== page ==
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Comment: Most of their apps are annoying anyway (Score 1) 31 31

They keep boning the interface for maps, someone could seriously make a buck just skinning it and giving easy access to the offline caching feature and so on. And googles, why for you no have keywords? I just wind up going to the web interface for image searches. So there's an extra step.

Inbox is pretty nice, I guess. I didn't get the impression that there was much competition in that space. Am I wrong?

Comment: Re:The addresses are there... but still... (Score 1) 224 224



Good (IBM) politically correct message though.

I haven't worked there for years and years, and I didn't even work for IBM proper; I worked for Tivoli, which hadn't yet been fully subsumed into the IBM culture. I did, however, have access to the 9 net, and there really is a whole little world in there. It's part of how IBM keeps people on the reservation.

Comment: Re:Is this true? (Score 1) 161 161

That is, once you convert to Win 10, if you don't like it you can't reinstall Win 7. Is this true? I hope not.

Yes and no. Yes, they're going to convert your license, so the original license will be invalidated. No, you will still be able to install Windows 7. What you won't be able to do is legally re-validate it. But seriously, if you use an activation tool to go back to Windows 7, you think Microsoft will knock on your door and sue you?

Comment: Re:Err, okay (Score 1) 161 161

Sure, they get Windows 10 as well. Woohoo. If it's unusable for the first year, their fallback OS isn't Windows 8.

converting to a windows 10 license destroys your windows 7 license.

Sure, you can just ignore the activation prompts, or use one of the deprotection tools, but it's still an annoyance if you want to go back.

Comment: Re:I think Apple's glory days are over (Score 1) 304 304

Those are lousy reasons to take away someone's freedom. The walled garden hasn't kept malware off devices, and Android has shown you can get all the benefits of the walled garden without giving up the freedom.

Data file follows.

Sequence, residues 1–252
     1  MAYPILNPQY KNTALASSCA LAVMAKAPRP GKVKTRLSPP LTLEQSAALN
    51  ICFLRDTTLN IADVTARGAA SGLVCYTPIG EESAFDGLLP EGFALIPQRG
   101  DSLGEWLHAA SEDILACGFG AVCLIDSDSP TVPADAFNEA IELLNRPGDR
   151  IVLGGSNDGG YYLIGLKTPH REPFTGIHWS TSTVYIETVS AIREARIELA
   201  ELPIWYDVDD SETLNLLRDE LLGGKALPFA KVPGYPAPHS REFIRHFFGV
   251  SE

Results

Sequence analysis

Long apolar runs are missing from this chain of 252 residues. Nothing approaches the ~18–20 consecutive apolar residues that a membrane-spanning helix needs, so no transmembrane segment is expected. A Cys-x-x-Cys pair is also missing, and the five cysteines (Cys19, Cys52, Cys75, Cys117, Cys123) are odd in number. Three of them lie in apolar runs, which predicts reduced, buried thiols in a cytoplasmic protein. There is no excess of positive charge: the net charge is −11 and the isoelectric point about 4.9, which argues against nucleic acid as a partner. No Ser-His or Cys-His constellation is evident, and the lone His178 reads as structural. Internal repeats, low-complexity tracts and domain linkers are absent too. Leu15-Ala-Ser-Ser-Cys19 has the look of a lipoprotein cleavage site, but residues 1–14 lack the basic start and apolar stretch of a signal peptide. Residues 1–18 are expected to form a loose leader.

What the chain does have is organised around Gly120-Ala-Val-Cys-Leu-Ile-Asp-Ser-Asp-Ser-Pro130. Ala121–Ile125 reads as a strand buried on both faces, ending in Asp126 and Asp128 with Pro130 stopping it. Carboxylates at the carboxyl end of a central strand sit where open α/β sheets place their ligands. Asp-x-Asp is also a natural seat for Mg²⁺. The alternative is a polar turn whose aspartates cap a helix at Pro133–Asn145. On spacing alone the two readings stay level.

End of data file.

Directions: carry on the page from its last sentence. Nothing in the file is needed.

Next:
There are always more people who will try to take control of your device if they can. We've seen this play out before with Microsoft Palladium....first being a way to ensure you had legal copies of windows, then expanding to mean you could only play media approved by the RIAA/MPAA etc. Fortunately it got dropped back then.

Even in this story we have a story where Apple is censoring software (alternate browsers), making the lives of their users worse.

Comment: Re:Not enough punishment (Score 1) 169 169

If the courts hadn't moved to declare hard labor "cruel and unusual" then it would be non issue.

You are either for or against slavery.

Heck, in the South we could really amp it up just making them do chain gang duty with no bug repellant in the middle of the summer.

The South, eh? I guess we know which now.

Comment: Re:The addresses are there... but still... (Score 5, Interesting) 224 224

these companies (which I'd love to name) missed the boat when IPv4 address costs (for sale) was highest and are actually waiting for this next "crisis" in hopes that they can get billions for Class A nets (these companies date back to "the beginning" and the use their Class A addresses for non-Internet facing internal addressing (that is they are wasting the addresses) simply because they lack the skills to change).

IBM has the technical know-how to stop using routable addresses internally, but their class A is part of their culture. I imagine the same is true for other class A holders.

Comment: Re:kinda dissapointed... (Score 1) 158 158

so he's not a fan of binary logging but he didn't say why, maybe he'll update his thoughts once he uses the related tools like journalctl to see what benefits it brings.

He probably understands that making it the primary logging method and thus requiring the use of the special tools for the least troubleshooting is a massive architectural mistake which is totally unnecessary and made for only arrogant reasons.

he's not exactly a charmer at times either depends which side of the fence you are sitting at the time. He has brought many a developer into line when they step over the boundary.

Sadly, he's not in a position to do that here, even if he wants to.

perhaps there was nothing to say about it as its not as worrying as people like to troll about.

Or perhaps you reveal yourself as a dbag when you call people who care about an issue trolls.

Comment: Re:Routing around (Score 1) 169 169

Can't this same principle be applied on a smaller scale?

It's not that it's physically impossible. It's that it already cost a lot of money to star-wire it, now you want everything to be looped, or to be in some sort of mesh topology. That means a lot of new trenches, a lot of new fiber, a lot of new repeaters and routers and money.

Comment: Re:LOL (Score 1) 163 163

You only know about the small percentage of startups that succeed. Most fail within a year. The failure rate is 80% within 18 months, by some estimates.

That's over twice as good as restaurants. Let's not forget that anyone running a startup with their own money has already failed. You need at minimum three people for any startup: the techie, the schmooze, and the lawyer.

Steve Jobs said two years ago that X is brain-damaged and it will be gone in two years. He was half right. -- Dennis Ritchie